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It could be that he is talking about but with quotes like this I doubt it:

The Roadmap To A High-Speed Recovery | The New Republic

Between 1980 and 2006, the U.S. economy added some 20 million new jobs in its creative, professional, and knowledge sectors.

Especially if we compare with the metric used in the transition to post-ww2:

The Roadmap To A High-Speed Recovery | The New Republic

By 1940, the number of people employed in R&D had quadrupled, increasing from fewer than 7,000 in 1929 to nearly 28,000 by 1940, according to the detailed historical research of David Mowery and Nathan Rosenberg.


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by A swedish kind of death on Tue Aug 17th, 2010 at 09:08:39 AM EST
[ Parent ]
But that's not 20m in R&D ... its all "creative, professional and knowledge" sectors. People employed part time at $18 per contact hour to teach students conned into going into debt on their student loans to pump up the profitability of private two year business colleges are part of that 20m, for instance.

Look at the growth in employment in "creative, professional and knowledge" sectors in the US from 1945 to 1960, as a percentage of the workforce, and the comparison will not seem nearly as dramatic as 21,000 in 11 years versus 20m in 25 years.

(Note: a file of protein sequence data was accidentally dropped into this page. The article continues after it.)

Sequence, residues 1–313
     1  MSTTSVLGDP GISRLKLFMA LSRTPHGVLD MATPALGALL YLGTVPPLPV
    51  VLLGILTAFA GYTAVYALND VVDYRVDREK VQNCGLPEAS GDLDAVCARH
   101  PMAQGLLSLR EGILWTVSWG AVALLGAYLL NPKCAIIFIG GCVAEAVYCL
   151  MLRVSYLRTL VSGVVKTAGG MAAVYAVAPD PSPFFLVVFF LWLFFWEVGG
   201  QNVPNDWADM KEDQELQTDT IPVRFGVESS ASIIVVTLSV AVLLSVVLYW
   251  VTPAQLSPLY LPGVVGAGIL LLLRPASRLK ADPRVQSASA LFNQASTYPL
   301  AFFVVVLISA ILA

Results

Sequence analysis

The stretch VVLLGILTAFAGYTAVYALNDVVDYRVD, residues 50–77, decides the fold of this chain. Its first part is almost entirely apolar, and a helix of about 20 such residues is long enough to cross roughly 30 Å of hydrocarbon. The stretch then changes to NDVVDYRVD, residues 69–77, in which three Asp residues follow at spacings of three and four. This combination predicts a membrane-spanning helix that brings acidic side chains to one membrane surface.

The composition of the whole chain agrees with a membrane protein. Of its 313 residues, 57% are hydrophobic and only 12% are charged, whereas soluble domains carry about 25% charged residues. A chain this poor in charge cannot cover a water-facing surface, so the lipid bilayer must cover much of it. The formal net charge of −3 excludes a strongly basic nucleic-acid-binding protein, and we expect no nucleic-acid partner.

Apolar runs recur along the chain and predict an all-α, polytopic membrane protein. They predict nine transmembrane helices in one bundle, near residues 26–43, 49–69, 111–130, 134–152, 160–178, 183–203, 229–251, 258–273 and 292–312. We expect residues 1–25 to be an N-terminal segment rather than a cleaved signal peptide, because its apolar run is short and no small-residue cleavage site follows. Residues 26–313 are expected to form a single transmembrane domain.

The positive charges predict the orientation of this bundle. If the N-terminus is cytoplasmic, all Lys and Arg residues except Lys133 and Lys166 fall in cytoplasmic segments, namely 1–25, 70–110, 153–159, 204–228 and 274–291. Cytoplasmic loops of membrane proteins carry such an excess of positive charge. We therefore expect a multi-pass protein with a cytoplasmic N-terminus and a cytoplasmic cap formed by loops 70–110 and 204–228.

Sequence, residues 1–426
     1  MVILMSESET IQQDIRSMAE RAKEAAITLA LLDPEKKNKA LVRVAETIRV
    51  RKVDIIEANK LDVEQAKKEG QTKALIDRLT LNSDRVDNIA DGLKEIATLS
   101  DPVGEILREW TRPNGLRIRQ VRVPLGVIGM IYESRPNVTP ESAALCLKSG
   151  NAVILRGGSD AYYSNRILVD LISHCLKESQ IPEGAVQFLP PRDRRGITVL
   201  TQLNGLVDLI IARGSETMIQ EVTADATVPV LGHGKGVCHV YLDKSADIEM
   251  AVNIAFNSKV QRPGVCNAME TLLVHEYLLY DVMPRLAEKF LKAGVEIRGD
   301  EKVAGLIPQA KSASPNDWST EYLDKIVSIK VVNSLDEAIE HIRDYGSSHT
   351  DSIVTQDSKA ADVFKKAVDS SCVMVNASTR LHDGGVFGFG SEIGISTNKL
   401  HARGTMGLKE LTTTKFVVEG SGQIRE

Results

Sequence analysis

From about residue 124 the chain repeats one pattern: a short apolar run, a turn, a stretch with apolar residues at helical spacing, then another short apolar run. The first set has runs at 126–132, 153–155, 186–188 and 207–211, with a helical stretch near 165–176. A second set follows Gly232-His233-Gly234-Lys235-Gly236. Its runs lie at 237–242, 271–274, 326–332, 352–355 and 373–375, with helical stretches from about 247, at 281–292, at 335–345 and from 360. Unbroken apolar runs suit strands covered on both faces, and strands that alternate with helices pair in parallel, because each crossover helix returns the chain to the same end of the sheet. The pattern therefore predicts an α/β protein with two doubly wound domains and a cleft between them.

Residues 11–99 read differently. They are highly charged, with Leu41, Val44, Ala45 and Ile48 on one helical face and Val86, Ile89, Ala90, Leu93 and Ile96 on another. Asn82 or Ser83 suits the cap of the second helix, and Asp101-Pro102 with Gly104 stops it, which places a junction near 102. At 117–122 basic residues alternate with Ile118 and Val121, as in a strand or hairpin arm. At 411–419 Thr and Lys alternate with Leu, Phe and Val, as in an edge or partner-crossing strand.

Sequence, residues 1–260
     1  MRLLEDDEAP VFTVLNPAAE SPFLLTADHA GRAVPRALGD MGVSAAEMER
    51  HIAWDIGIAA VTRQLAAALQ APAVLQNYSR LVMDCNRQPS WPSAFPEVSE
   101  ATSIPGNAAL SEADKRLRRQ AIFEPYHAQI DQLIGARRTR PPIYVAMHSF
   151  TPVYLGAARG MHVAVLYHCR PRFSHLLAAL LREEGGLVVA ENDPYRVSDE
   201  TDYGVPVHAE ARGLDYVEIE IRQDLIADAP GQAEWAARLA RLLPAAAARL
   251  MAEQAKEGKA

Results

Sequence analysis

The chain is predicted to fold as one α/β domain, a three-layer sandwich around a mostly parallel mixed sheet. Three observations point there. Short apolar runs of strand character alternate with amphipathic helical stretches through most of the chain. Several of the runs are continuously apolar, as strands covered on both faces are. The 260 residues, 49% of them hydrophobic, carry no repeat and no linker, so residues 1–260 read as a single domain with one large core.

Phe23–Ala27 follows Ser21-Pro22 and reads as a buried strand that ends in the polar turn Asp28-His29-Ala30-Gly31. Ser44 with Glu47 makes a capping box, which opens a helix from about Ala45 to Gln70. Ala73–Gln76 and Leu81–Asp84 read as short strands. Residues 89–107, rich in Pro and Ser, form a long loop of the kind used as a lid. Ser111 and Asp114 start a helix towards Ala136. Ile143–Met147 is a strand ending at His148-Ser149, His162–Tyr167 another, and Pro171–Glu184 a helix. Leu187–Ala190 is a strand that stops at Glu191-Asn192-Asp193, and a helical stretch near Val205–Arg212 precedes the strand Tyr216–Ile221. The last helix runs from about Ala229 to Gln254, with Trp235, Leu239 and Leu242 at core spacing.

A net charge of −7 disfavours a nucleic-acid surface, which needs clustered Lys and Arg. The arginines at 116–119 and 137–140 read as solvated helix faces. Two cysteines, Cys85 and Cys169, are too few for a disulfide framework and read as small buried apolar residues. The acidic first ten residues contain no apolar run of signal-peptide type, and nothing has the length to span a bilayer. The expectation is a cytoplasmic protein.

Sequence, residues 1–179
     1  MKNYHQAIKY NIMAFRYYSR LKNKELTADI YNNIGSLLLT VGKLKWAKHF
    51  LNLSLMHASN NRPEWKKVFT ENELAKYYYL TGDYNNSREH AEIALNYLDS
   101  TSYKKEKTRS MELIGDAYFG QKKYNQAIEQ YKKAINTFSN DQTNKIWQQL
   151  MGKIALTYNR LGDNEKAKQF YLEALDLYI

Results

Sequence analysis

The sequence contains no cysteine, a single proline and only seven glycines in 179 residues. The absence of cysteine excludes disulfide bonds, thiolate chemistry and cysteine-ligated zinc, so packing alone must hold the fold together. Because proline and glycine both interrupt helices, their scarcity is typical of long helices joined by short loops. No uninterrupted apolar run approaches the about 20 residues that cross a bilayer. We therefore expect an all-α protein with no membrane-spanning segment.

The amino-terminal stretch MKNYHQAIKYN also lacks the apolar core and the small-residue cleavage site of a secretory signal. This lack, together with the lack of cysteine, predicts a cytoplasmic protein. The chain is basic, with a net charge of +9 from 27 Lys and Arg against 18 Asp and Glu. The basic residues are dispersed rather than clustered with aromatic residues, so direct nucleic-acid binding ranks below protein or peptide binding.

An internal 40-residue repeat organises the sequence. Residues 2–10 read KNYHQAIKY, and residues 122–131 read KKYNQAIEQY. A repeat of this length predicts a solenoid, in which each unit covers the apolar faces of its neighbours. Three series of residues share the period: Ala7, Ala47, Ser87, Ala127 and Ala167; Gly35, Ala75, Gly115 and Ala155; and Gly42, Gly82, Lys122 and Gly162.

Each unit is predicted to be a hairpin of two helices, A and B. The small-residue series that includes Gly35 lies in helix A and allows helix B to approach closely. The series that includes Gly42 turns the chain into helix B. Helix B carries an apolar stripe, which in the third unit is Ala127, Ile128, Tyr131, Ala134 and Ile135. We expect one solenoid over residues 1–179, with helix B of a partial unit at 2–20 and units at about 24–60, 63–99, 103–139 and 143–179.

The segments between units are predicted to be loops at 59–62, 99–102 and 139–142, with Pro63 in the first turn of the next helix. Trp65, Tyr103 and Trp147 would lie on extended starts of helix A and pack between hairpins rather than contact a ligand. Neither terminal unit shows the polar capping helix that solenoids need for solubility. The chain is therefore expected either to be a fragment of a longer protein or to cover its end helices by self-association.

I've been accused of being a Marxist, yet while Harpo's my favourite, it's Groucho I'm always quoting. Odd, that.

by BruceMcF (agila61 at netscape dot net) on Tue Aug 17th, 2010 at 12:19:24 PM EST
[ Parent ]
I was not comparing the numbers, they just followed with the quotes.

What I meant was that the metric "employment in creative, professional and knowledge sectors" looks to me to be measuring capturing of the production profits through enforcement of various IP-rights. It could be development of production, but when compared with the metric of R&D in R&D labs connected to production as measurement of the post-war eras manufacturing society, I think it is clear that it is not R&D connected to production that he focuses on now.

I would argue that todays IP-funded capturing of production value is the mirror of the outsourcing of the actual production. Through treaties like TRIPS the countries that now houses the manufacturing has been made to accept (for the time being) that a big piece of the value is captured by western design firms. I think this will end soon after the outsourcing trend ends. When China has all the production why accept it?

Sweden's finest (and perhaps only) collaborative, leftist e-newspaper Synapze.se

by A swedish kind of death on Tue Aug 17th, 2010 at 01:56:58 PM EST
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